"So always be sure to give space when you see wild animals in the wild, never touching or feeding or in any way provoking an animal, will protect you and also protect that animal from any inadvertent harm."

Are there cities that come to mind when you think of southern vacation spots that might have gators?

"From the coast of North Carolina, all the way down through Florida and over to Texas, you could encounter an alligator.

"Common vacation spots where you could encounter an alligator could be places like Hilton Head, certainly Bald Head Island, the Wilmington area here in North Carolina, the Charleston area in South Carolina, any of the big coastal cities where you may go on vacation this summer, those could be areas where you can potentially encounter an alligator."

What are alligators like in the wild?

"Alligators in the wild are typically very shy and secretive animals. They're fairly fearful of humans. Where that changes is in places where animals are being fed or are regularly being harassed or provoked by people, but in those situations some alligators can grow more accustomed to people and then they become more of a potential threat to people.

"So what we encourage folks to remember is that it's illegal to feed alligators. You should never approach or feed or provoke or harass an alligator in any way, and that will help keep you safe and keep anyone else in that area safe as well.

"And being sure, again, to make sure kids and pets are always under close supervision if you're in an area where you think there could be an alligator. That's your best defense against any potential interaction with that animal in the wild."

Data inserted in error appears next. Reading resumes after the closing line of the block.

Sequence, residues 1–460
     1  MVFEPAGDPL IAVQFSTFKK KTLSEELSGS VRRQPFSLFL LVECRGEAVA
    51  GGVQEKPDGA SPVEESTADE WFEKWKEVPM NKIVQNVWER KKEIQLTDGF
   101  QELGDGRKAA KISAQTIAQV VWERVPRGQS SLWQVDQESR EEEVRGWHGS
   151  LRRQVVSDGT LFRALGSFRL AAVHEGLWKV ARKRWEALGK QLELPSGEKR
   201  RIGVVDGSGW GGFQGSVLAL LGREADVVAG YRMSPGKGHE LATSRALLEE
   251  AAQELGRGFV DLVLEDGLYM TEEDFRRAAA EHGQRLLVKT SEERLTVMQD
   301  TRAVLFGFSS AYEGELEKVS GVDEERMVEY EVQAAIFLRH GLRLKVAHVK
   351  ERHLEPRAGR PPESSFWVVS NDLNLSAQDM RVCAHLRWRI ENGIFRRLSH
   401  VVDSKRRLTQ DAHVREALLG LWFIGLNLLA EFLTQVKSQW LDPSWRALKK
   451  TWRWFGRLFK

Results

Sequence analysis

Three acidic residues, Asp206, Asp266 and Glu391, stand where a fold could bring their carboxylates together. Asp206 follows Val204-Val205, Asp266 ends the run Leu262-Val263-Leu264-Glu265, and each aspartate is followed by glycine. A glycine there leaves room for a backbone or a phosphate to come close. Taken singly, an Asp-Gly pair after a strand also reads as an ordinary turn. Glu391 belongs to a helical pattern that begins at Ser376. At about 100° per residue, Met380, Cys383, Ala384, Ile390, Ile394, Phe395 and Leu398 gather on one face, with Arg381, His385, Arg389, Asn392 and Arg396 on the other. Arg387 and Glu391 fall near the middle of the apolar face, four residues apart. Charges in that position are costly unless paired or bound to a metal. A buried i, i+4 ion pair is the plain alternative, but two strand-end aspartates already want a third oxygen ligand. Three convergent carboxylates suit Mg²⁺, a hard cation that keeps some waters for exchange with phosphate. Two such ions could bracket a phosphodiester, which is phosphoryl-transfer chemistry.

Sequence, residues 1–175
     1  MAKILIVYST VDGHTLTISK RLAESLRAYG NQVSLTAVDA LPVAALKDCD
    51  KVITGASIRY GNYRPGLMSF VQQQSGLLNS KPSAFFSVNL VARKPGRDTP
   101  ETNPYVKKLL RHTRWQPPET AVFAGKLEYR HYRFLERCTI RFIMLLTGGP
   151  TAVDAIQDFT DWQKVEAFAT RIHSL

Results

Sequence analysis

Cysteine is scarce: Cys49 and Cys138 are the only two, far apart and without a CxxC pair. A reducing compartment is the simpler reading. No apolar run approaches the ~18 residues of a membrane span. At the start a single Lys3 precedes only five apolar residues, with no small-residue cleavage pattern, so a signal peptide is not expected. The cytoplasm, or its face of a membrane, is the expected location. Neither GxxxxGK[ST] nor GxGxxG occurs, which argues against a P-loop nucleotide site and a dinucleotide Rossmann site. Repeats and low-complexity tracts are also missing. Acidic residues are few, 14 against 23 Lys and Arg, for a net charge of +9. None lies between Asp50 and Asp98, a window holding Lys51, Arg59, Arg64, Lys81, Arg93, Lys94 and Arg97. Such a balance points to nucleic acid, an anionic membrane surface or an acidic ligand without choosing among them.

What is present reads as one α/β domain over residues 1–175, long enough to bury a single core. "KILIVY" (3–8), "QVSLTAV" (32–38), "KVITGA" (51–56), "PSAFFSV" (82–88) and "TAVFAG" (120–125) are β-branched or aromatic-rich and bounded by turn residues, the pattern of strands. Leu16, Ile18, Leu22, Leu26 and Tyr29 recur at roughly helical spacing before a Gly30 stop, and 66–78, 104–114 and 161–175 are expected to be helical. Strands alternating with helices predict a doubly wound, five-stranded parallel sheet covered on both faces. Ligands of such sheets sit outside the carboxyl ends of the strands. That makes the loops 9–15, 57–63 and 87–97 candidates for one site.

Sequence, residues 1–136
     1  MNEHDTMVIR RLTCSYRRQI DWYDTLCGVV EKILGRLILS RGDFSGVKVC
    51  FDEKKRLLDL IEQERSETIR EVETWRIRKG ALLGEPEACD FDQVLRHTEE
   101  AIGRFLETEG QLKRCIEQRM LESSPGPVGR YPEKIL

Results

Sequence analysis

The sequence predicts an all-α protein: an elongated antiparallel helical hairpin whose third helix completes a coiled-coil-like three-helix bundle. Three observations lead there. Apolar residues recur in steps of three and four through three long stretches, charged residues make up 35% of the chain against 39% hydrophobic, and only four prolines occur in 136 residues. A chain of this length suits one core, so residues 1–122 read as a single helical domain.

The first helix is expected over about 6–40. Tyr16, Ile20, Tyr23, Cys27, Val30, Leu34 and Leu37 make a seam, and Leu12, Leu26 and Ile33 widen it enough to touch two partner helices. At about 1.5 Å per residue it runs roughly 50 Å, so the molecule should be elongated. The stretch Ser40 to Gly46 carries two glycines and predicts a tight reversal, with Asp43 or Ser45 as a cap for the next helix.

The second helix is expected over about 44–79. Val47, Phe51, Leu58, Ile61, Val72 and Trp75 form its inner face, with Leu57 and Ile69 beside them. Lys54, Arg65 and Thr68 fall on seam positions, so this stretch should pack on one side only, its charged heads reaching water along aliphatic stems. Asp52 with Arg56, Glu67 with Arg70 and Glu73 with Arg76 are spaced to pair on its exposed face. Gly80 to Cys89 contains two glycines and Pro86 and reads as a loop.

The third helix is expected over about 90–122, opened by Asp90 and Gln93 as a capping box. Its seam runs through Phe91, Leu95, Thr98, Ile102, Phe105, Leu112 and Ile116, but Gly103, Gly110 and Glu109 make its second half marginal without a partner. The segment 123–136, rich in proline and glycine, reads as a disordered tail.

Some have heard the old wives' tale that if you can't see the bottom of a body of water, it could be home to a gator. Is that true, and are there tips to keep in mind when you don't know what's in an area?

"Any time you're thinking about going swimming or spending time in the water this summer, if you're unsure about whether an area is safe for swimming, your best bet is to always stay out of the water in those situations, and that's particularly important with kids or pets to make sure that you're very clear on what you may encounter in that area.

"And if you're unclear, find another place where you've got a better understand of what you might run into in that environment."

What's the thing you would want people to know more than anything else?

"The most important thing is to remember that alligators are an important part of our coastal ecosystem. And to protect yourself and to protect the animals, it's essential that people leave alligators alone if you see them in the wild and enjoy seeing them from a distance.

"Keep a safe, respectful distance from the animal and never feed them, harass them or approach them in anyway."

"It's important to remember that, with alligators, the best thing to do for your safety and the safety of those around you, and the safety of the alligators themselves, is you always leave the animal alone.

It's exciting to see one in the wild, to observe them from a safe, respectful distance, but keeping safe from that animal will protect you, protect those around you, and protect the alligator itself."

Check out more on what the NC Wildlife Resources Commission says about co-existing with alligators here.

Learn more about the alligator and its habits here.